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A new statistic released by the National Highway Traffic Safety Administration (NHTSA) suggests over a third of children killed in a crash under the age of 13 weren’t wearing a safety belt.
To kick off Child Passenger Safety Week, US Transportation Secretary Ray LaHood has teamed with the National Highway Traffic Safety Administration and Safe Kids to address common mistakes parents make when using car seats and booster seats.
It’s time to double check your car seats. The National Highway Traffic Safety Administration (NHTSA) is saying that many young children are still being placed in the wrong restraint or booster seat systems.
Last week was Child Passenger Safety week, so now is the right time to ensure that you have the right car seat for your child. It’s also important that these safety seats have been inspected to make sure they’re working properly.
NHTSA 2009 stats show that child fatalities from motor vehicle crashes were the leading cause of death for children ages 3 to 14. Last year, an average of four children age 14 and younger were killed and 490 were injured every day.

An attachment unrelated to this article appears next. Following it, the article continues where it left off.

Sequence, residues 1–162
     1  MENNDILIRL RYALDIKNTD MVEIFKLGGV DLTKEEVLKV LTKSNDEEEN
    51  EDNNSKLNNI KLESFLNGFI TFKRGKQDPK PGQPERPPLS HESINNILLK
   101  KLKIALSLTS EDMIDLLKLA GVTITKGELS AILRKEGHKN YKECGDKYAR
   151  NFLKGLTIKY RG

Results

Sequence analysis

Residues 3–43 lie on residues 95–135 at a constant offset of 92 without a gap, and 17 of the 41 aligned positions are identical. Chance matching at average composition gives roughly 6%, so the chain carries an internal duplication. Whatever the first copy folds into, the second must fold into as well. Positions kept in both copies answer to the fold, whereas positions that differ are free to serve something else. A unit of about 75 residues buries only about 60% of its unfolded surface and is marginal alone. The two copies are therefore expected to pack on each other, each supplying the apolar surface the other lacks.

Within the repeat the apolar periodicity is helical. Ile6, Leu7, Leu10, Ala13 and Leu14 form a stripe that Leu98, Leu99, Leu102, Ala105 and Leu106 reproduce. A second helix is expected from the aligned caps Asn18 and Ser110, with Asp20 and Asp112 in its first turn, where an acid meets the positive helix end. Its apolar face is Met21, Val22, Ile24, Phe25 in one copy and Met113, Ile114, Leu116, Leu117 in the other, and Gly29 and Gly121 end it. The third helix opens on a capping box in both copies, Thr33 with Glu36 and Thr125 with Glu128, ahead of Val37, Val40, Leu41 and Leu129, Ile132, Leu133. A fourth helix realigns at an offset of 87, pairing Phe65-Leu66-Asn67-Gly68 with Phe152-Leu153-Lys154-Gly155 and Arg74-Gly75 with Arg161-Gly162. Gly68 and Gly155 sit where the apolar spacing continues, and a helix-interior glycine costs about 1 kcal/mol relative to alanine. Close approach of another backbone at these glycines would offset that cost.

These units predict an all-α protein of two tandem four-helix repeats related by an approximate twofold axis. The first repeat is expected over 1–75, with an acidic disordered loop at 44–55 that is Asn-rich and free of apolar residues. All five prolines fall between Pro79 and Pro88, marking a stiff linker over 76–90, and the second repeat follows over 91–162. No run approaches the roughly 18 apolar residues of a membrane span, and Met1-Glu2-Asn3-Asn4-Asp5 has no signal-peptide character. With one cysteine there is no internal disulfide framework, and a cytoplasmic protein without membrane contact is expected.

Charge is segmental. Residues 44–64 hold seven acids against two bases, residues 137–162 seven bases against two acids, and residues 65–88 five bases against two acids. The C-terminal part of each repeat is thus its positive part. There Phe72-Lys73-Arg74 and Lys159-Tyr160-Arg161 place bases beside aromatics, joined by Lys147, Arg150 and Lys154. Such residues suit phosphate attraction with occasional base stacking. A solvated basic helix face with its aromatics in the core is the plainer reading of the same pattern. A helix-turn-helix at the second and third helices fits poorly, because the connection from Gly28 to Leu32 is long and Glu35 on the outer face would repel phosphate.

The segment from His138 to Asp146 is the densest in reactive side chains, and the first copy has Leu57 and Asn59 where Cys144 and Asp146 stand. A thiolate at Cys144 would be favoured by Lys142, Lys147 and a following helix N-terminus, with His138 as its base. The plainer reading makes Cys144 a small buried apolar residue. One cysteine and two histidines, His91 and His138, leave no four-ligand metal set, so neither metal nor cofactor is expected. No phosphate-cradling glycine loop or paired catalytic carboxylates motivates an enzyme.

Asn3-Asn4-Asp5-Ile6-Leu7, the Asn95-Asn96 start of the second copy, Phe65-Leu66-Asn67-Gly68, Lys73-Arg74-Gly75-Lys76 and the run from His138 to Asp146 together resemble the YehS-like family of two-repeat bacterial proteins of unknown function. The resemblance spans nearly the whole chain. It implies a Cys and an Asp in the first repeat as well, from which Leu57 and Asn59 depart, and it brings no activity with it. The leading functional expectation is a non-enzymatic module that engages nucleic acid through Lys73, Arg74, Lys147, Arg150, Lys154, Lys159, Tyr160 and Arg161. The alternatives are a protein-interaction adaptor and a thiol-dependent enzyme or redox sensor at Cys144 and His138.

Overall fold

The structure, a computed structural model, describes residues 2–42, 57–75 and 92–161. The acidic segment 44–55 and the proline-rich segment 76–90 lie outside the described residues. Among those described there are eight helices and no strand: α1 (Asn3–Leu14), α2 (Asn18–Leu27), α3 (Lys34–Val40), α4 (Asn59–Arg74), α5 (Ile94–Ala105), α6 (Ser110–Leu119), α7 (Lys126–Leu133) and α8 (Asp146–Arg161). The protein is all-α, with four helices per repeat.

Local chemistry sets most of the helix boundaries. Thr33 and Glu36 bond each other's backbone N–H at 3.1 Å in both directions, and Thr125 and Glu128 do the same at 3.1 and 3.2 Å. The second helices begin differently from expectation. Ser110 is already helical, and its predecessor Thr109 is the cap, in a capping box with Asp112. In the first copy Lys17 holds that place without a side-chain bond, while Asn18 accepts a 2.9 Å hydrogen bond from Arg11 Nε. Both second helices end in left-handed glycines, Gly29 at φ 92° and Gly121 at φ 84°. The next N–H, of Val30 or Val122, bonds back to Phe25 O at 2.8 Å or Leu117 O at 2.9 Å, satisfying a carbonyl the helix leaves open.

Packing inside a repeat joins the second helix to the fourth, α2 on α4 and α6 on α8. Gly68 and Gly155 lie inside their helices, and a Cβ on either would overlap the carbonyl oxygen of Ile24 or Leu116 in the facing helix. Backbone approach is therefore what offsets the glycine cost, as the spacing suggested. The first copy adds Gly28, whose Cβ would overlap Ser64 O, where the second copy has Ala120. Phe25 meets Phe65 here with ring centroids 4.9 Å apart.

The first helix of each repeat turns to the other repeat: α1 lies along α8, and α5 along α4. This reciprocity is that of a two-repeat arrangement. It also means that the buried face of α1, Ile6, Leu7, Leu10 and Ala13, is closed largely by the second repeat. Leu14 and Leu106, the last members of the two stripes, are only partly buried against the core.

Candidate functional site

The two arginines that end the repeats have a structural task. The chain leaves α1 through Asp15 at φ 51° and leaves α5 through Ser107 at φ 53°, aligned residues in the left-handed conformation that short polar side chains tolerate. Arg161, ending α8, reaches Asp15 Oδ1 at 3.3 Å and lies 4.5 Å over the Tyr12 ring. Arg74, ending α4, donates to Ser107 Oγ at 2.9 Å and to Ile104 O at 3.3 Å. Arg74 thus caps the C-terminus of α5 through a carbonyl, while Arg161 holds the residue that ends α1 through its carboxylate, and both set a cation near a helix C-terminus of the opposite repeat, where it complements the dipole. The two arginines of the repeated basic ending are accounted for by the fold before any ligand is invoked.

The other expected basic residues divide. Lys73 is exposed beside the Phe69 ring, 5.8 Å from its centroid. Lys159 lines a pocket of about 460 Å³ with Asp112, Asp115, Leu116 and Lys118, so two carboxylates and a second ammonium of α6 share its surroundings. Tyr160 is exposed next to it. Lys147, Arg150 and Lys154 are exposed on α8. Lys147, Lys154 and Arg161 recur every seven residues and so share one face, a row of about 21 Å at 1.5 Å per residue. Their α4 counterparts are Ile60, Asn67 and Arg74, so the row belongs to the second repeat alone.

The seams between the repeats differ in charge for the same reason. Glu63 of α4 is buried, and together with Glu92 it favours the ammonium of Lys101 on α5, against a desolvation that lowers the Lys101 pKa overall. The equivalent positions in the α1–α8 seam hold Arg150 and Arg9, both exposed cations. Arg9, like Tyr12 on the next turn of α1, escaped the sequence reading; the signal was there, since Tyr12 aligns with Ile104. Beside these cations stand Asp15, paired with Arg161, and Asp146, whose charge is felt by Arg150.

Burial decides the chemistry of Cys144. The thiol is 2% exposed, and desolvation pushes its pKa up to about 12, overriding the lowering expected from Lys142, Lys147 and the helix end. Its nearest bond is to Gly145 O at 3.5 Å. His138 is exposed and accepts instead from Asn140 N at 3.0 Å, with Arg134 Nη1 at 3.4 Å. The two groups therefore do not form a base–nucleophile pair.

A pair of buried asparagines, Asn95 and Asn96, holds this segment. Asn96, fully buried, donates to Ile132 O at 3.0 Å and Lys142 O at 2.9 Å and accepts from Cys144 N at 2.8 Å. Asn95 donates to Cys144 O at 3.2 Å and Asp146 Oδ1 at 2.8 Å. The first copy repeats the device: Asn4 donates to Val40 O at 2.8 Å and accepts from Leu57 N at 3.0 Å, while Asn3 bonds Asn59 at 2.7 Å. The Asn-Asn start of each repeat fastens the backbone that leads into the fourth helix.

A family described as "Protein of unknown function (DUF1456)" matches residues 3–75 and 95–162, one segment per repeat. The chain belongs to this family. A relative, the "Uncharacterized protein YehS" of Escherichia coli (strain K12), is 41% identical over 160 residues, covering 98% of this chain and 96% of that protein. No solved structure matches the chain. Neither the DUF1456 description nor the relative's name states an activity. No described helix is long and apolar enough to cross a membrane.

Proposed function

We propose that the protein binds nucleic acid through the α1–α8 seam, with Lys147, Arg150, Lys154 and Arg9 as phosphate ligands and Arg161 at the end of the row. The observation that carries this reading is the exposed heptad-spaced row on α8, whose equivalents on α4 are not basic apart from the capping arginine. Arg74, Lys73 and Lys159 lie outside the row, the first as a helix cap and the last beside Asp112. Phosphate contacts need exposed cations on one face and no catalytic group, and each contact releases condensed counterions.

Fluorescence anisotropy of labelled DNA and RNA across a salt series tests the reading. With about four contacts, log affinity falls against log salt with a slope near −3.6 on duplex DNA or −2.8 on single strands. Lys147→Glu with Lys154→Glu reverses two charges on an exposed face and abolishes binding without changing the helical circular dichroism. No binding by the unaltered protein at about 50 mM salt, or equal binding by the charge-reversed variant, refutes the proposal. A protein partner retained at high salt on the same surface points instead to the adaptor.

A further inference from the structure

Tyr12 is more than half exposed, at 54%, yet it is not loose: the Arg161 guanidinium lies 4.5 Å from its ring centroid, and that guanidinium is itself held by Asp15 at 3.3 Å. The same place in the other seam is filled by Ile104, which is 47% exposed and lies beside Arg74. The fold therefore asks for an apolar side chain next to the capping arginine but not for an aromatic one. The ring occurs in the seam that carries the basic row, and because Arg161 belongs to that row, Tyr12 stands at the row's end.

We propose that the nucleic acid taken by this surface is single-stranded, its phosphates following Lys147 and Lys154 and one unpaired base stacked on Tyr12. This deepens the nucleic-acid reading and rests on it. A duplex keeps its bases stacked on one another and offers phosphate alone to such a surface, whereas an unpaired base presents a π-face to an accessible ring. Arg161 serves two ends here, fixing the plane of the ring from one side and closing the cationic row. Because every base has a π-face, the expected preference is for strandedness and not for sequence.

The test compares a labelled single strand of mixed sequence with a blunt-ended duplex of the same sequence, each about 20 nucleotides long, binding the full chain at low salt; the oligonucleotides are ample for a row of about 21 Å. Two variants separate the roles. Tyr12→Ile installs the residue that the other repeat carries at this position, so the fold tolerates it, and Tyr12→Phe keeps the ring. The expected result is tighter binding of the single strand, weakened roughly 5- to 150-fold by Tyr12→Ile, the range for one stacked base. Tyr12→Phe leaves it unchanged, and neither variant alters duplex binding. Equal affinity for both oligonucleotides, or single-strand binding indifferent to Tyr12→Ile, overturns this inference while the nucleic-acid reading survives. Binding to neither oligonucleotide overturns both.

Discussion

“Make no mistake about it: child safety seats save lives,” said U.S. Transportation Secretary Ray LaHood. “Children who graduate too soon from their safety seats are at risk of serious injury. Parents and caregivers should ensure that safety seats are installed correctly and should always use them. Their children depend on it.”
Children usually outgrow their forward-facing seats around age 4 and at about 40 pounds. At this time, they should graduate to booster seats until the seat belts in the vehicle fit properly. You know that a seat belt fits properly when the lap belt lays across the upper thighs and the shoulder belt fits across the chest (they usually fit kids once they turn 8 or when they are 4’9″ tall).
The NHTSA released a survey on booster seat, which found that just 41 percent of 4- to 7-year-old children ride in booster seats, virtually unchanged from the prior year. In 2009, restraint use for children age 1 to 3 years increased from 92 percent in 200, while restraint use for all children under age 13 remained stayed the same at 89 percent.